My refrigerator crisper is full of cucumbers.
The vegetables are growing much more plentiful this year than in years past at The Green Thumb community garden. Some of the vegetables are thin and bumpy. Others are smooth and fat.
My current diet is heavy on pickles as well as cucumber sandwiches. The secret to a good sandwich is spreading both the top and bottom slices of bread with the right amount of mayonnaise so the cucumber slices will stick instead of fall out when the sandwich is lifted off the plate.
I peel my cucumbers and add salt and pepper to the rows of green circles arranged on a piece of white bread before gently pressing a second slice of bread on top. Sometimes I sprinkle the cucumber slices with oregano, too, but I didn’t grow up fixing the sandwiches that way. My sons add crumbles of feta cheese. My daddy used to eat cucumber and tomato sandwiches.
My favorite appetizers at wedding receptions and graduation parties are the open-faced cucumber sandwiches presented on bread spread with a dab of cream cheese to secure the cucumber slice, which is usually topped with salt and pepper and a sprinkle of paprika. I love the way the sandwiches are elegantly cut in round cookie-cutter shapes or squares with the crusts removed so you can eat them in one bite. One of my co-workers occasionally brought a refrigerator container full of these sandwiches to share in the office. She never went home with leftovers.
Despite all of the cucumber sandwiches we have been eating at home, my crisper remains full of the green vegetables from our garden. I’m adding diced cucumbers to pasta salads and to green salads. I’m serving peeled cucumbers with a side of ranch dressing for snacks. And I’m making continuous batches of refrigerator pickles and serving the kids afternoon appetizers of cheese and pickles on toothpicks.
I’m beginning to understand why almost every summertime meal that my family ate while I was growing up included a bowl of sliced cucumbers covered in apple cider vinegar with a touch of salt and pepper and why so many people brought their family version of Cucumbers and Onions in Sour Cream to the covered-dish family reunions and church picnics in June and July.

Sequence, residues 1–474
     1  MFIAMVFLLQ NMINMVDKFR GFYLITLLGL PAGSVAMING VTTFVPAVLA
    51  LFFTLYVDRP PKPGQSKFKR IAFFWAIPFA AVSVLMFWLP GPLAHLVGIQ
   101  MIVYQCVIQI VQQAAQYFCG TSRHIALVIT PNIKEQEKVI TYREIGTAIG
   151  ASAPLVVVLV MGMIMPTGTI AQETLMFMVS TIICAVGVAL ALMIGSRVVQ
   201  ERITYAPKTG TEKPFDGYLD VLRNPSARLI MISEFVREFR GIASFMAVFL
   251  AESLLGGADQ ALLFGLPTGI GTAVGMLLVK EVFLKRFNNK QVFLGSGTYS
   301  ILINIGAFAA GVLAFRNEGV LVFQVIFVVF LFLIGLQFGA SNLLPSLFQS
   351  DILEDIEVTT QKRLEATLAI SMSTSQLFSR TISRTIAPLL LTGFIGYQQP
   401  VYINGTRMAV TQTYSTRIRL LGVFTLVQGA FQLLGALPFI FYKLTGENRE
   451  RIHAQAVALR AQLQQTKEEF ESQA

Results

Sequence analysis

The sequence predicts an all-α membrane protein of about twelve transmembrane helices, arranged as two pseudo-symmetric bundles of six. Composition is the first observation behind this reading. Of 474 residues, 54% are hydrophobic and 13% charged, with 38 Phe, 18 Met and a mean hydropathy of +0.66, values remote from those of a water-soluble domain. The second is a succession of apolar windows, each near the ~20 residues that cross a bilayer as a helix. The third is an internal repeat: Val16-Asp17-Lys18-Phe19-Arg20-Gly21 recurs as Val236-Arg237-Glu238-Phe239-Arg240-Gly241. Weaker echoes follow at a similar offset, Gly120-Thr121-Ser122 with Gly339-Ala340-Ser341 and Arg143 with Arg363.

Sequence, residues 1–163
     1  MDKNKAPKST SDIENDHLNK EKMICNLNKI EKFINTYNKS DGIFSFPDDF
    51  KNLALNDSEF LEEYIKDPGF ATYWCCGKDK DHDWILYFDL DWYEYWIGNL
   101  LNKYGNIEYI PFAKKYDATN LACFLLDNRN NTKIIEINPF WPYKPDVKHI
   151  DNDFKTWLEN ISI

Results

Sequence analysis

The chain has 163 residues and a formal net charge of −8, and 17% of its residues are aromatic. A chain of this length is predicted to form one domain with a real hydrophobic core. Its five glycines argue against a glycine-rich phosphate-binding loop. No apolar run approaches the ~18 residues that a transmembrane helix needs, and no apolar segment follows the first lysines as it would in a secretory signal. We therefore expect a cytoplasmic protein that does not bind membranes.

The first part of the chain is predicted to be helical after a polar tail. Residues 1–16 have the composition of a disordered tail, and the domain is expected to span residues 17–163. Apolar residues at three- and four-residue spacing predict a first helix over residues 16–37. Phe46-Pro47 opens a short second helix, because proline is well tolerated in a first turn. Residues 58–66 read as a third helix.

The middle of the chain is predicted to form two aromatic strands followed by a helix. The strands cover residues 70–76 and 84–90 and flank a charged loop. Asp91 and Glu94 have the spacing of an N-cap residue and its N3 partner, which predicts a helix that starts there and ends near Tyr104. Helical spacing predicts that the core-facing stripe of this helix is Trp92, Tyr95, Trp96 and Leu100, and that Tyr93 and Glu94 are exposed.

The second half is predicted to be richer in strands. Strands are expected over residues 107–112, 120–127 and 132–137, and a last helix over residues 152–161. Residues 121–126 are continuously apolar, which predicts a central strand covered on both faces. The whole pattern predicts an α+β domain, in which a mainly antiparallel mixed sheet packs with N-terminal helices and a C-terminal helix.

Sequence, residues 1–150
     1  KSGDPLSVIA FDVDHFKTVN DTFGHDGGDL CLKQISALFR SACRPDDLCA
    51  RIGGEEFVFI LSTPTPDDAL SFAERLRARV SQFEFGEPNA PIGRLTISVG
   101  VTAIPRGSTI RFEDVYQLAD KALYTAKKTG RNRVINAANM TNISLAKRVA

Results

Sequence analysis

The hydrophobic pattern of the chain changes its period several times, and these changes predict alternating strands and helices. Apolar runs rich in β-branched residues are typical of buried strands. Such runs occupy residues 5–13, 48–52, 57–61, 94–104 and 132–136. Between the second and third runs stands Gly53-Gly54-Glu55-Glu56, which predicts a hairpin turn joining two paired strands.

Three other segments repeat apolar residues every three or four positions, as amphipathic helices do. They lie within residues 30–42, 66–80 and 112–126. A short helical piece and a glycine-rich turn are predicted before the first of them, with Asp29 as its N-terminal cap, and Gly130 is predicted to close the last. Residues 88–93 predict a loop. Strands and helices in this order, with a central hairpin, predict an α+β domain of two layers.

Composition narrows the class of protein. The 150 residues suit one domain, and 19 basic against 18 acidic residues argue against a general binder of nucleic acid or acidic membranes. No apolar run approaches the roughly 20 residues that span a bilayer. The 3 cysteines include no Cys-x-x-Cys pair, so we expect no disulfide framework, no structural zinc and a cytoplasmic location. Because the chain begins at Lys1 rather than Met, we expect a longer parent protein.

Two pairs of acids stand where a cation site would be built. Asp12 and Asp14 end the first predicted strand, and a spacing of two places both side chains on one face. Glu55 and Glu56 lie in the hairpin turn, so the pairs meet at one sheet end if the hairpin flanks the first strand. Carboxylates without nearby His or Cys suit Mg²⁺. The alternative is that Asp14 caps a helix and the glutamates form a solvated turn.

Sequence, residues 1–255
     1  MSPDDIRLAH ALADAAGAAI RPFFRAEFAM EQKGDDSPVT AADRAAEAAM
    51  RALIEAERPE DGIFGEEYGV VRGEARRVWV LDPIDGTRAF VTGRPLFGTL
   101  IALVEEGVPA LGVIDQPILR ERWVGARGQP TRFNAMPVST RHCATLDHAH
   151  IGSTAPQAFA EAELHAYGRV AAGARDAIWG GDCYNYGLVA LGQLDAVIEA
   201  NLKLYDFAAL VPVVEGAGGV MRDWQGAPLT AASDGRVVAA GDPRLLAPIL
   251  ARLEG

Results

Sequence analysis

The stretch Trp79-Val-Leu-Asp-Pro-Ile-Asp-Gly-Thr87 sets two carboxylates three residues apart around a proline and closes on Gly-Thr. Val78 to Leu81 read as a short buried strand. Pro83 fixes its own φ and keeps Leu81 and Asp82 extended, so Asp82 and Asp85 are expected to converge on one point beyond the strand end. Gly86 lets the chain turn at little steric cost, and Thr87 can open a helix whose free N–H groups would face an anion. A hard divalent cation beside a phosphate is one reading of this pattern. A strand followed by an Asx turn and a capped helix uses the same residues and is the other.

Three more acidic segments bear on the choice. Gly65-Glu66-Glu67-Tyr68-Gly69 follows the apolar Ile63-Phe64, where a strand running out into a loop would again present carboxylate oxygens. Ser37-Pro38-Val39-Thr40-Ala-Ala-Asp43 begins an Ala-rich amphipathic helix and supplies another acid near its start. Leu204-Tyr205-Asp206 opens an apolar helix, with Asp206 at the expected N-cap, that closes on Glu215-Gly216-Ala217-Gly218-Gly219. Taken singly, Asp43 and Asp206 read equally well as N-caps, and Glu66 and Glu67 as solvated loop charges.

The vegetables are so plentiful that I’m thinking about eating Chilled Cucumber Soup for breakfast.
Biting into a cucumber this time of year brings back childhood memories. I can’t remember a summer when we didn’t have fresh cucumbers from the garden.
Sadly, my sons aren’t big cucumber fans, but I’m hoping to change their minds one family recipe at a time this summer – at least until my refrigerator crisper is empty.
Sliced onions and cucumbers
Sliced carrots and green bell peppers (if desired)
4 cups sugar
¼ cup salt
1 1/3 Tablespoons celery seed
4 cups apple cider vinegar
1 1/3 Tablespoons turmeric
1 1/3 Tablespoons ground mustard
Put sliced onions in bottom of jar. Fill with sliced cucumbers, carrots and green bell peppers. Heat remaining ingredients to melt or dissolve sugar. Cool. Pour over cucumbers. Eat after 4 or 5 days.
CUCUMBERS AND ONIONS IN SOUR CREAM
½ cup sour cream
1 Tablespoon sugar
½ teaspoon salt
1 Tablespoon vinegar
2 medium cucumbers, thinly sliced
2 small onions, thinly sliced
Combine sour cream, sugar, vinegar and salt; add cucumber and onion, tossing gently. Cover and chill 24 hours, stirring occasionally.
Yield: 4 servings.
CHILLED CUCUMBER SOUP
4 cucumbers, peeled, seeded and chopped (about 3 pounds)
3 cups buttermilk
1 (8-ounce) carton plain yogurt
2 green onions, chopped
¼ cup chopped fresh parsley
3 Tablespoons fresh lemon juice
2 Tablespoons chopped fresh dill
1 ½ teaspoons salt
½ teaspoon pepper
Process all ingredients, in batches, in a food processor until smooth, stopping to scrape down sides as needed. Transfer to a serving bowl; cover and chill 2 hours.
Makes about 8 cups.